Occasionally, the disparate parts of one’s life are tied up in a giant bow. That’s happened to me this week with the inferno at Notre Dame in Paris.
I’ve been thinking about symbolism within building design since my college years. I was a medievalist, studying the allegories hidden within the architecture and art of Christian Europe. Among other, mostly French, buildings, I spent a lot of time looking at and thinking about Notre Dame, reveling in the wit and skill that was visible only if one looked closely.
After college, I proceeded to study “historic preservation,” which has achieved new relevance this week, after the destruction of Notre Dame’s roof and the dramatic toppling of its spire (flèche). There have been numerous articles in the global press about how the fire started and spread. I don’t need to summarize them here, because there’s such an illustrative article in the New York Times.
So suddenly, the expertise required to restore the cathedral, which is “irreplaceable, of course” is of great interest to the world. Rightly so, because this building is one of the premier achievements of Western civilization.
All countries throughout the world are filled with built monuments to their civilizations, including those in Palmyra and other Syrian cities. Many – maybe not all – of these buildings deserve to be cared for and maintained as testimonies of the cultures that produced them; but this is a concept that has eluded a vast number of people within the United States and beyond.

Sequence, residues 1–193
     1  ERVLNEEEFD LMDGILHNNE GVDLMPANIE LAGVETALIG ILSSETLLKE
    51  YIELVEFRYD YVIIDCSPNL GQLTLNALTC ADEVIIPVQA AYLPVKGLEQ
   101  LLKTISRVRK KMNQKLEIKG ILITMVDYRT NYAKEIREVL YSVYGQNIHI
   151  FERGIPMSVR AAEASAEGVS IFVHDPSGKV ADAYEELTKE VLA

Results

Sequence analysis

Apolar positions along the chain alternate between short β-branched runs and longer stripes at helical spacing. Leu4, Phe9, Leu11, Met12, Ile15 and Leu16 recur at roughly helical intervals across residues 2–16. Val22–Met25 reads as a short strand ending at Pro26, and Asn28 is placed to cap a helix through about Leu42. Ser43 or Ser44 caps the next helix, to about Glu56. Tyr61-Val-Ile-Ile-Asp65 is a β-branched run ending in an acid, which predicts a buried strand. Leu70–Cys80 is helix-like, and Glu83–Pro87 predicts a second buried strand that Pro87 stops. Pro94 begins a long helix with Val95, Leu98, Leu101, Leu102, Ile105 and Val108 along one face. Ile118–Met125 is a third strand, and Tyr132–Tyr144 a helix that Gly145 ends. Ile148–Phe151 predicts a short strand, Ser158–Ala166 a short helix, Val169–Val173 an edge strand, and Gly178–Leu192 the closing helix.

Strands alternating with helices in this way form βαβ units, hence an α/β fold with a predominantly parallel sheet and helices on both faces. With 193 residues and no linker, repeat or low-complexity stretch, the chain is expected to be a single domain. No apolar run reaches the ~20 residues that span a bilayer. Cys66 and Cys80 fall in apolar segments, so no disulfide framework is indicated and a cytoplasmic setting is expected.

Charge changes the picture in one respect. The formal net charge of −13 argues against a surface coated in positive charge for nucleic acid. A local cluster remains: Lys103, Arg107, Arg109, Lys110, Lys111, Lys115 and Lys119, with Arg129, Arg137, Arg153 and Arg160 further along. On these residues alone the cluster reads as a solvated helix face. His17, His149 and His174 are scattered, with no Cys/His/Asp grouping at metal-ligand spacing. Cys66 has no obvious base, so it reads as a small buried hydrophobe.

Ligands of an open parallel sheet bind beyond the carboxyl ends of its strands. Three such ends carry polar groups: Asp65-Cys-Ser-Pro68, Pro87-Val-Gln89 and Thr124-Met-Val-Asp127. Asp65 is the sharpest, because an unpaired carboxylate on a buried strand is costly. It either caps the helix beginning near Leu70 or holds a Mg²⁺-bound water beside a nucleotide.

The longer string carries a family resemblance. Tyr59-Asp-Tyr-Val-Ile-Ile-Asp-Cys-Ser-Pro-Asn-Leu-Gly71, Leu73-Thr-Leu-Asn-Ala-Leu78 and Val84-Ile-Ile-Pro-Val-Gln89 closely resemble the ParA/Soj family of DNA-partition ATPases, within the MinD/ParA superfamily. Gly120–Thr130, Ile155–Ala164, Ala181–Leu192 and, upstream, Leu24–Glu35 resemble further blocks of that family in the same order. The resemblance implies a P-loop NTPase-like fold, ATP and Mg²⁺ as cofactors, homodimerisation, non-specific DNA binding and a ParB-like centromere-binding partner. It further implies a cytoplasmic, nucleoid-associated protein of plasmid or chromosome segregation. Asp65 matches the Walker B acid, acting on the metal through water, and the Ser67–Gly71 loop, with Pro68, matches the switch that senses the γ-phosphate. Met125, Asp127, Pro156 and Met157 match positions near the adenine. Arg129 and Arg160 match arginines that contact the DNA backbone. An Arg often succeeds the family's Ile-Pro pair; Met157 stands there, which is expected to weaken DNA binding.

The lack of understanding of this concept has led to many “landmark battles” throughout American communities, as well as to debates over such issues as “property rights.” The response this week to the conflagration at Notre Dame should be considered as a prime case of the public’s “property rights” to the centuries of history and tradition embodied in this cathedral. And the enormous sums of money already committed by some of the world’s billionaires implicitly confirm the public interest in restoring such monuments of civilization. So it’s laudable that we can hope to see Notre Dame restored to something resembling the glory it’s been known for. Among other people, we have the brilliant architectural historian Andrew Tallon to thank for that.
I have one other thought. In 1840, the architect Eugène-Emmanuel Viollet-le-Duc (often known now as “Viollet”) was engaged by a recently formed Commission on Historical Monuments to “restore” numerous churches in France. It’s been well-documented that his work to bring these buildings back to their original design was often… fanciful. So, to look on the bright side, Notre Dame now presents the French government the chance to show us what the building’s Gothic glories REALLY looked like.